“Anyone who keeps the ability to see beauty never grows old.”
Franz Kafka

So I’m slowly but surely crawling out from beneath the rock of internet semi-exile, the result of my recent (and rather chaotic — snow!  slush!) change in abodes, catching up on all my podcast listening and blog reading.  Plenty of good stuff to be had out there, for all of you DIY U’ers to check out.

And by all means do check out Patrik’s new venture, Paleo Hacks.  What an asset to the Paleo community this has already turned out to be.  Part Q&A repository, part FAQ — all with a decidedly Paleo bent, of course.  Kudos to Patrik for having the vision — and putting forth the effort — to bring this together.  Think of it as the communal campfire that we can all gather around at the end of the day to share ideas.  I love it!  I haven’t posted anything yet because I’m too busy reading; like a kid trying to absorb all the cool adult conversations going on all around.

Had a post-workout conversation at the gym recently (good ol’ steam room chit-chats), and the talk turned to Mike Boyle, and specifically Mike’s being such a big proponent of foam rolling.
So, do I foam roll?, came the inquiry, half drowned by the bellowing steam.
Yeah, I do.  But I use a 4-inch in diameter, 36-inch section of PVC pipe for my rolling.
Huh?  You (bleep!)n’ with me?
Nope, and it’s always worked fine for me.  You just have to find the right surface to lay the “roller” on, something with a bit of a grip and a little give works best; gym matting is good, title and hardwood, of course, is not.
And if foam rolling is a poor man’s ART and/or sports massage, then I suppose “pvc rolling” is the ghetto-punk version; fitting for yours truly.  I still think it works fine, though.  At least give PVC a try before you splurge for the expensive stuff.  Hell, if you don’t like it, you’re only out a couple of bucks, and you can always repurpose the PVC as a nifty bazooka.


Hehe, juuuuuust kidding, kids.  Best keep to the rolling.

To kip or not to kip, that is the question…
From reader Eric, an interesting question:

Greetings! I know you’re busy so I will keep my query straightforward: when you do muscle-ups, do you kip or not?

My goal since the summer was to be able to 10 muscle-ups (I use the rings for these primarily, but can also do some on the pull-up bar, though not as many, which in itself is a clue). Anyway, I can do about 10-12 muscle-ups in a given session, but I use a kip. I’ve been reading some CrossFitters who say kipping MUs are OK, others say they are not OK, because you’re not building true MU strength and aren’t learning the movement.

As someone I respect, what’s your take?

…and my reply…

I prefer to start each rep from a dead hang, but if you want to kip – especially as you begin to fatigue – that’s, in my opinion, fine as well. Kinda like the difference between a push-press and a jerk. Physically, there’s just not that much difference. If done for competition, though, it’s an easy thing to eliminate so as to level the playing field – kinda like eliminating the chest bounce in the bench press. If you’re training for the xfit games, and kipping mu’s aren’t allowed, then you have your answer. This still doesn’t exclude you from kipping in training, as a means of bolstering your “competition” mu.  I’d also suggest experimenting with some supra-max hangs and partials from the dead hang position.  And note that when I say “dead hang”, I don’t mean a loose hang, i.e., your shoulder structure and traps should be tight/semi-contracted.  Pardon my blasphamy here, but it should not be a Jesus-on-the-cross/shoulders dislocated hang.  Nice visual, huh? Anyway, kip away as you need to — smartly — as you fatigue.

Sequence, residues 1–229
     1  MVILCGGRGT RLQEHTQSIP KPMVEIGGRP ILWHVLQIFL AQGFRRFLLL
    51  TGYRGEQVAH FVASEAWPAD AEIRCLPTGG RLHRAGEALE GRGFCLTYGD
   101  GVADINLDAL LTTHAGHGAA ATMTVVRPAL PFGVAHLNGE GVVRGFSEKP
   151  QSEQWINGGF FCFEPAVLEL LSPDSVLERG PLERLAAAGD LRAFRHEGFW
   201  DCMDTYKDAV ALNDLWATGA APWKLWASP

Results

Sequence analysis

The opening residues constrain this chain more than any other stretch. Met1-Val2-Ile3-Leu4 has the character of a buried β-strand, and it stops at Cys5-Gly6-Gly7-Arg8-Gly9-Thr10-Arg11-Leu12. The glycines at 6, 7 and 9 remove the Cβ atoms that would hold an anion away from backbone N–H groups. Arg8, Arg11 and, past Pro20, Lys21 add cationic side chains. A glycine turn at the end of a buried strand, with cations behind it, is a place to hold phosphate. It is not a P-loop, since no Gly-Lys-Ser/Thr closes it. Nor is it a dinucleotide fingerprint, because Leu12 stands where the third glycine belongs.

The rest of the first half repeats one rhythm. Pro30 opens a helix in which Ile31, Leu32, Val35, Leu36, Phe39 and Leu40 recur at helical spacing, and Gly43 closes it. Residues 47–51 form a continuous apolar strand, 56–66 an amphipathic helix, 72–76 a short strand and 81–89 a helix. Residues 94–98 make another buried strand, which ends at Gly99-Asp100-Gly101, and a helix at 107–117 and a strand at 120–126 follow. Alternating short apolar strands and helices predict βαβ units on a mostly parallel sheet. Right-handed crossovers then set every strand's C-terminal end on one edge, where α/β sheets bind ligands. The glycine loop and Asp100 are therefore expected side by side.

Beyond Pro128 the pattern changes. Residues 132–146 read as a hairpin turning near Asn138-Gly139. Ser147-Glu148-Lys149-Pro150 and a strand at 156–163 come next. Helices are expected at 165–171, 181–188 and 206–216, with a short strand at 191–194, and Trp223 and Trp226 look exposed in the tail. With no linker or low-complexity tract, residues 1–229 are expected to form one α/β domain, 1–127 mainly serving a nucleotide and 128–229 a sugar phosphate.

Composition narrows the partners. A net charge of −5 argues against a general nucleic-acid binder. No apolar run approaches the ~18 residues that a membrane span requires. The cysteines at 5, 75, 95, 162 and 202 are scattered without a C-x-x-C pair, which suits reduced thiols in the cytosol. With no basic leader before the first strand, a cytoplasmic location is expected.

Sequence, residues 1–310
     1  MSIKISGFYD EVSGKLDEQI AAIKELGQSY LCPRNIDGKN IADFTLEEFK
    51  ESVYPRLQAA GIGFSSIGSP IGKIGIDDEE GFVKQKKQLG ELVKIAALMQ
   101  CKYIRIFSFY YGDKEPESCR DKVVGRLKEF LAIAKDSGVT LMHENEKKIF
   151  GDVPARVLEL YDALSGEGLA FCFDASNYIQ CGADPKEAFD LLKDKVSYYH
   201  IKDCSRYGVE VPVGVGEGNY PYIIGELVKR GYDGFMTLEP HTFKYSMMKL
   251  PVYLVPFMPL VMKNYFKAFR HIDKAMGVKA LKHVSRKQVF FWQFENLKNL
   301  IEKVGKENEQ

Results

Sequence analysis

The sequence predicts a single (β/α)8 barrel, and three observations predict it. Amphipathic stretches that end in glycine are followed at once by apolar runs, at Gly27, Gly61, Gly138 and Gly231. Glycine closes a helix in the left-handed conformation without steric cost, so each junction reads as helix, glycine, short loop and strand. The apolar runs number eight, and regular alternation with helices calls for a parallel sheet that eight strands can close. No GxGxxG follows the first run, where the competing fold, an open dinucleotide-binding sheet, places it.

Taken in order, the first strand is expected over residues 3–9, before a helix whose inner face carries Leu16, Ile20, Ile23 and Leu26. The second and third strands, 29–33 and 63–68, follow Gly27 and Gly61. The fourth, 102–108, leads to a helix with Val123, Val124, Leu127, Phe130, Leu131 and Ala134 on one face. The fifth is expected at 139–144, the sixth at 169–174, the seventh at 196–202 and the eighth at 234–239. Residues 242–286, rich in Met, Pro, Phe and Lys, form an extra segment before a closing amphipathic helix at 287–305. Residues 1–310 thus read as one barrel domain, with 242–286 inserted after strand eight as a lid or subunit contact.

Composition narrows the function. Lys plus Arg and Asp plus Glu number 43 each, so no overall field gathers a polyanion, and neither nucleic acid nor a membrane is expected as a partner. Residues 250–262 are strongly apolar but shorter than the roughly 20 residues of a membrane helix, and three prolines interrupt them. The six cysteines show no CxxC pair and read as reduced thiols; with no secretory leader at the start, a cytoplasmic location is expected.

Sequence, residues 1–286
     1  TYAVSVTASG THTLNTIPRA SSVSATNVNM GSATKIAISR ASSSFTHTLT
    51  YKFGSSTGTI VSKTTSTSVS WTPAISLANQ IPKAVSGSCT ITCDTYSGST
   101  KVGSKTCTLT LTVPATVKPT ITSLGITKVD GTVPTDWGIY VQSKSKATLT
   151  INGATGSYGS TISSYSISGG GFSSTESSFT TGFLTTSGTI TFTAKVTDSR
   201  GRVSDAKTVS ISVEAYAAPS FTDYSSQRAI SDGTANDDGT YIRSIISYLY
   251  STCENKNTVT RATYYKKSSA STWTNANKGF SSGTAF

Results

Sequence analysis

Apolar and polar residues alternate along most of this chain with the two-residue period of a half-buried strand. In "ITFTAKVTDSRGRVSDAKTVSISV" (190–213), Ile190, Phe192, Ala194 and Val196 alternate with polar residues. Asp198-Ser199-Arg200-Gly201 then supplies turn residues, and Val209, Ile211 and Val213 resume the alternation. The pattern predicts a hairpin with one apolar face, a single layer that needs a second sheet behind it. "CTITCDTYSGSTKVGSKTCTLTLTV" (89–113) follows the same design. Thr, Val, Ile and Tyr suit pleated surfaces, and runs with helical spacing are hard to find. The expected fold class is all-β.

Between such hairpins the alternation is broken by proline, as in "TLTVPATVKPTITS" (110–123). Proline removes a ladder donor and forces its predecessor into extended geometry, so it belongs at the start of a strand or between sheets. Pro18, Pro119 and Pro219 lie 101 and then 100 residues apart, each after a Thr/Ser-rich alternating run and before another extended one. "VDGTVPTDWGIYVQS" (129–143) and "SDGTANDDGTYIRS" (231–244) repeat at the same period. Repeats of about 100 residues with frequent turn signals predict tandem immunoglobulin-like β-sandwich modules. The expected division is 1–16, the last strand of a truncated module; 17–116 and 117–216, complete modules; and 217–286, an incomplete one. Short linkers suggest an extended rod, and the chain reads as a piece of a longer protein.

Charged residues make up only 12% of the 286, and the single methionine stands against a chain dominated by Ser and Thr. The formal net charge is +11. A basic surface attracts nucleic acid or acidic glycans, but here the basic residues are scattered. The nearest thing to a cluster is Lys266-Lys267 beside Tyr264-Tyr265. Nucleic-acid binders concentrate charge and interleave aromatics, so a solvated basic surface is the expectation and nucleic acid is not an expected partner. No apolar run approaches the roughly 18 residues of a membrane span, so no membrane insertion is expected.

And I would add to my reply to Eric: kip smartly.  Again, I’ll use the push-press to jerk example — there’s plenty of gray area within the continuum running from the strict military press to the push-press and continuing on to “competition” jerk, with each movement having a rightful place within the exercise pantheon.  So sure, kip away — just don’t allow your form to deteriorate into something atrocious.

And now I’m off to the Raleigh Farmers’ Market for a little 21st century hunting and gathering.

In health,


  1. The PVC pipe is the “advanced secret” foam roller. When your soft tissue is…erm…soft you need something harder to get any tight spots. This is 5 bucks well spent.

  2. Hi Keith,
    Your foam rolling with a PVC pipe – ouch! You are amazing to pull that off. Most people, at least women I know find the foam roller to be too hard on their muscles.

    I have been reading around your blog and like your stance on health. I am a nurse who is very fed up with all the dogma, and like you I find that most of it is garbage. I hope that I am open to all new things. I do try.

    Congrats on your health and fitness at 44. For most, this is the time of the downhill slide. I am 51 and need to do more intense, short sessions as you suggest to get rid of the blubber.

    I present my ideas on health at bodywindow.com. I am fit, but not that fit. I will follow your blog to get into the groove again.

    Best to you,

    • 45 now, Elle 🙂 And I think one just becomes accustom to the harder PVC surface. And since I’m a cheap-skate, I had plenty of incentive to acclimate 🙂


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